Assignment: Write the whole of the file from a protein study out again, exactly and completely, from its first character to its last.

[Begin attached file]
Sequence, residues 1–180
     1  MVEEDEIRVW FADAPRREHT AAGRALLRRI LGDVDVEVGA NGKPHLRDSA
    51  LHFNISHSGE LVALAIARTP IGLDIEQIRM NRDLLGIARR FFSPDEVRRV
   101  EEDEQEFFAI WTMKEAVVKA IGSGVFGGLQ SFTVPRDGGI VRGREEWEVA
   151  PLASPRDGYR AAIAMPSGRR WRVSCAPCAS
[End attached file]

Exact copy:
Sequence, residues 1–180
     1  MVEEDEIRVW FADAPRREHT AAGRALLRRI LGDVDVEVGA NGKPHLRDSA
    51  LHFNISHSGE LVALAIARTP IGLDIEQIRM NRDLLGIARR FFSPDEVRRV
   101  EEDEQEFFAI WTMKEAVVKA IGSGVFGGLQ SFTVPRDGGI VRGREEWEVA
   151  PLASPRDGYR AAIAMPSGRR WRVSCAPCAS